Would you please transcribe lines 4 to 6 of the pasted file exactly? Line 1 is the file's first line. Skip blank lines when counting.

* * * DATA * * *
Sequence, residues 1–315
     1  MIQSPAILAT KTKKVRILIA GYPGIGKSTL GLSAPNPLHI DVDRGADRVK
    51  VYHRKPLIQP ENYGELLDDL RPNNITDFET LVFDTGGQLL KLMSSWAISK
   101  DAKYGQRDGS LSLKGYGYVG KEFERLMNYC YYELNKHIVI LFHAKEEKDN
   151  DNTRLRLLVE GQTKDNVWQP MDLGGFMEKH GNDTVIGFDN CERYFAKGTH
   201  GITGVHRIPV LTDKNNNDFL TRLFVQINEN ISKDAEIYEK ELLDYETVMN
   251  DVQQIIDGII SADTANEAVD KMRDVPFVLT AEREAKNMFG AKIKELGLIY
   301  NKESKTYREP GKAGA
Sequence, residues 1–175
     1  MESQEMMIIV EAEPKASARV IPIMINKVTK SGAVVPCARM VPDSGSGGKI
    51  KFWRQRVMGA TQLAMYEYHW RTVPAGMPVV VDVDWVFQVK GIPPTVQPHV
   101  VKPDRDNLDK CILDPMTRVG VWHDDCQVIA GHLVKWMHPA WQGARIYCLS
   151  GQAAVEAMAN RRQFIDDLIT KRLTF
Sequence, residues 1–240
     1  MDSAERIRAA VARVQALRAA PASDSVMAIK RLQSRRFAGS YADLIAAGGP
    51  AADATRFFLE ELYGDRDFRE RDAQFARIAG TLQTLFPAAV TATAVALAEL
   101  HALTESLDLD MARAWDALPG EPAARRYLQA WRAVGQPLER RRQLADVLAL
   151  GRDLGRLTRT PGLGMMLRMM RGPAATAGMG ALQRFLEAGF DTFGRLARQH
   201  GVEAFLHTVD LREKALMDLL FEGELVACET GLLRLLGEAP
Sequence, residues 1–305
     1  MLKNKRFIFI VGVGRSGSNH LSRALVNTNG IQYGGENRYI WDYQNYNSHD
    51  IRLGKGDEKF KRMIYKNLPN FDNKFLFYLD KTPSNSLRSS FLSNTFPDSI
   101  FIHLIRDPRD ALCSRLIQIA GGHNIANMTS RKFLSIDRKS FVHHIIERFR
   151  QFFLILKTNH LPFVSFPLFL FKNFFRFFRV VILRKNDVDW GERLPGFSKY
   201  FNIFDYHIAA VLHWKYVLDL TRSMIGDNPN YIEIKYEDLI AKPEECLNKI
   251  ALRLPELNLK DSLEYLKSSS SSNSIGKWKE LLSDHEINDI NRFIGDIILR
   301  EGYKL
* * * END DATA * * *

   101  DAKYGQRDGS LSLKGYGYVG KEFERLMNYC YYELNKHIVI LFHAKEEKDN
   151  DNTRLRLLVE GQTKDNVWQP MDLGGFMEKH GNDTVIGFDN CERYFAKGTH
   201  GITGVHRIPV LTDKNNNDFL TRLFVQINEN ISKDAEIYEK ELLDYETVMN